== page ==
We are experts in injury triage, and this expertise becomes critical in prioritizing and managing patient care in a busy environment. The athletic trainer works seamlessly with the physician or advanced practice provider to examine patients, order imaging if indicated, present cases to the provider and provide differential diagnoses, educate patients on their condition and instruct them on appropriate therapeutic exercise programs, and stabilize injured joints or body parts with proper splinting or casting techniques, or durable medical equipment fitting. Additionally, the knowledge of musculoskeletal injuries and the appropriate surgical or non-surgical treatment they require allows the athletic trainer to coordinate patient care effectively and efficiently once discharged from the orthopedic urgent care. The athletic trainer in this setting truly becomes a patient advocate, ensuring the patient is scheduled with the appropriate provider for definitive care. At times, the athletic trainer can assist in providing the necessary patient education and therapeutic exercise program to avoid a referral to a sub-specialty physician or physical therapist. This potentially saves the patient time and money because of the comprehensive care provided at the clinic.

Essentially, athletic trainers in an orthopedic urgent care function as athletic trainers in the traditional physician practice setting. That being said, the way in which athletic trainers objectively demonstrate value in an orthopedic urgent care does not necessarily mirror the physician practice value model recently released by the NATA Council on Practice Advancement. The biggest difference is in the ability of the athletic trainer to increase clinic efficiency and volume, and therefore increasing clinic revenue. As with any urgent care, volume is on a walk-in, first come, first served basis. Therefore, patient volume can be feast or famine at times. An appropriate value-based model within this subset of the physician practice setting is currently being discussed within the NATA Council on Practice Advancement to explore the specific worth of ATs in orthopedic urgent cares.


For those interested in approaching a clinic or hospital system for opportunities in the emergency department or orthopedic urgent care, what would be the biggest selling point?

This is a tricky question and will vary considerably depending on the market or hospital system. What you really need to figure out is the system’s goals and how they measure success. You know why you would be an asset to their clinic or hospital, but health care leaders and administrators typically speak a different language. It is critical that you understand this language. Questions you should consider answering before approaching a hospital or clinic for a position like this would include the following:

  • Is it a for-profit or not-for-profit hospital?
  • Has the hospital taken any steps towards the goals of the Affordable Care Act?
  • Are they concerned about revenue production, cost savings, or both?
  • What metrics drive their strategic decisions on health care delivery?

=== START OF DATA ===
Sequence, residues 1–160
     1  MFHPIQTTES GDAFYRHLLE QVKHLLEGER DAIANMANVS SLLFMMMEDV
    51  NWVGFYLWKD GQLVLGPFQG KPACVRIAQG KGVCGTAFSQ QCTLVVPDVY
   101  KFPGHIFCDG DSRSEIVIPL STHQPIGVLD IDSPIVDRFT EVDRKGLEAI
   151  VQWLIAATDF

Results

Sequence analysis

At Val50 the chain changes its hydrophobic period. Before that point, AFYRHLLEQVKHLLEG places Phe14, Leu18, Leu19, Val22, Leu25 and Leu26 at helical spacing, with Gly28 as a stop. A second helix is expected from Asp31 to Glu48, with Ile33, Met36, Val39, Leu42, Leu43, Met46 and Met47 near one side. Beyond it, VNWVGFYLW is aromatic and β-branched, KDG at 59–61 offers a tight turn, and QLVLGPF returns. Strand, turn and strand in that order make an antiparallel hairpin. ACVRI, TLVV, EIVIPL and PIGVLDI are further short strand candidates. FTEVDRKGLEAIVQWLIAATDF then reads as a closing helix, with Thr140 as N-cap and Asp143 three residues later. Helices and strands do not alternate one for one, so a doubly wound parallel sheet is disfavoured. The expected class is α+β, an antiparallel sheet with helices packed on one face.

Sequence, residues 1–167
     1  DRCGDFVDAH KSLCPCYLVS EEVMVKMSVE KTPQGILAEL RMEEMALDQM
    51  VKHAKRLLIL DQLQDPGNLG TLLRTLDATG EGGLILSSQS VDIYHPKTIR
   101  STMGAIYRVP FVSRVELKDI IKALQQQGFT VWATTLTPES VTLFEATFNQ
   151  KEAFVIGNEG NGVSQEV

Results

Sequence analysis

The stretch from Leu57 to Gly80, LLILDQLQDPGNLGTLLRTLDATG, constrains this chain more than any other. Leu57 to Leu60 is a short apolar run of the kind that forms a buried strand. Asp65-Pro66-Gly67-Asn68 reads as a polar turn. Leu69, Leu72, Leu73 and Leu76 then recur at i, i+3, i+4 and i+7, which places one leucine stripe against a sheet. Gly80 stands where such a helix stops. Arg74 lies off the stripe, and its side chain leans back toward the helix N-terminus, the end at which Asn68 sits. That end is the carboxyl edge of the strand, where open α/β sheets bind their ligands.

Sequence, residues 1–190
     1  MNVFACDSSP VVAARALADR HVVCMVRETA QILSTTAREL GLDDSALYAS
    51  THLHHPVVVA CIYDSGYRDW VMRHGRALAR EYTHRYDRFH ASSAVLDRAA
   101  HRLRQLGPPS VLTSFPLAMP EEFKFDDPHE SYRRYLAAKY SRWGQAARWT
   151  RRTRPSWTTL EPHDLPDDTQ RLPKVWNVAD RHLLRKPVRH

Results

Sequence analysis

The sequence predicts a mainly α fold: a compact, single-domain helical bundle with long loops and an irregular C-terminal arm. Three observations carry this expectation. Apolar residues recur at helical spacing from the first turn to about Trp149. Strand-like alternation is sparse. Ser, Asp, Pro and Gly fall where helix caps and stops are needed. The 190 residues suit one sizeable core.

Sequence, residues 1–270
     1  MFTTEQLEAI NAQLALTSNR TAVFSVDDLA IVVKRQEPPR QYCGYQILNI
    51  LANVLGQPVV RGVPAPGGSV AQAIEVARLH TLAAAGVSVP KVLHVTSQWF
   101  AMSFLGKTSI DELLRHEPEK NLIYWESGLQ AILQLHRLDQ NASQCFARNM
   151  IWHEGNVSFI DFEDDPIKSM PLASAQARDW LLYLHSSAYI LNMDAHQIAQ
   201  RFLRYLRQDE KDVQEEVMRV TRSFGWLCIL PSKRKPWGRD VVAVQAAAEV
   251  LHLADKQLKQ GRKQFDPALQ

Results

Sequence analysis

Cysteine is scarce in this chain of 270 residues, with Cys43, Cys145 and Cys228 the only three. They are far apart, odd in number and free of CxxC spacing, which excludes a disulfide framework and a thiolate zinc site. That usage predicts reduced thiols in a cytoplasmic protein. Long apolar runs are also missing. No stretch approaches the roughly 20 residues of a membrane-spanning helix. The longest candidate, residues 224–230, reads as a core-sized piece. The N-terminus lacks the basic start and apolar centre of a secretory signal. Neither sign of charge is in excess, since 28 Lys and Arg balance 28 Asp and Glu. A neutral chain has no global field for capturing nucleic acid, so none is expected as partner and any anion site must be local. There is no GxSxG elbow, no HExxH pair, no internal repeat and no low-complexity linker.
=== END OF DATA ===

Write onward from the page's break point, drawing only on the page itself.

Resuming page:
• Do they currently have any athletic trainers in the physician practice?
  • Do they have plans to pursue an orthopedic urgent care or is there any opportunity in the emergency department to apply your skillset in orthopedic examination, patient education and therapeutic exercise instruction?

Once you have figured these things out, then you can come up with a game plan on how to approach them about an opportunity.

Leverage the relationships you might have within the organization to glean as much information as possible. Don’t oversell yourself. Educate yourself on the health care market and the terminology used in health care administration to build a business case that supports the role of an athletic trainer in the emergency department or orthopedic urgent care. There are tons of resources out there, and the NATA Council on Practice Advancement is a great place to start.


What have been some unexpected hurdles you experienced in the day-to-day operations of an orthopedic urgent care?

There have been a couple hurdles for our clinic within the first year. The most challenging has been establishing relationships with various provider groups in the immediate area. Our orthopedic urgent care clinic was the first of its kind in our hospital system, which is the largest in our state, with more than 10,000 employees. Our orthopedics group alone has grown to be a very large and comprehensive sub-specialty group. I had to get my feet on the ground and meet with all of these provider groups to establish good relationships, emphasizing a collaborative and financially responsible approach to patient care. Looking at referral rates and patterns became important to be seen as not only a valuable branch of our system, but a true driver of patients into their offices. Our early success has been built on these relationships and collaboration, both with patients as well as other primary care, internal medicine and pediatrician offices within our hospital system.



  1. Sanju Pratap S. How consumerism is driving orthopedic groups to improve patient access. 2017. Available at: Accessed February 14, 2018.
  2. Picker Principles of Patient Centered Care | Graduate Medical Education Challenge Grant Program. Cgppickerinstituteorg. Available at: Accessed February 14, 2018.
  3. FastStats. Cdcgov. 2017. Available at: Accessed February 14, 2018.
  4. National Hospital Ambulatory Medical Care Survey: 2014 Emergency Department Summary Tables.; 2018:15. Available at: Accessed February 14, 2018.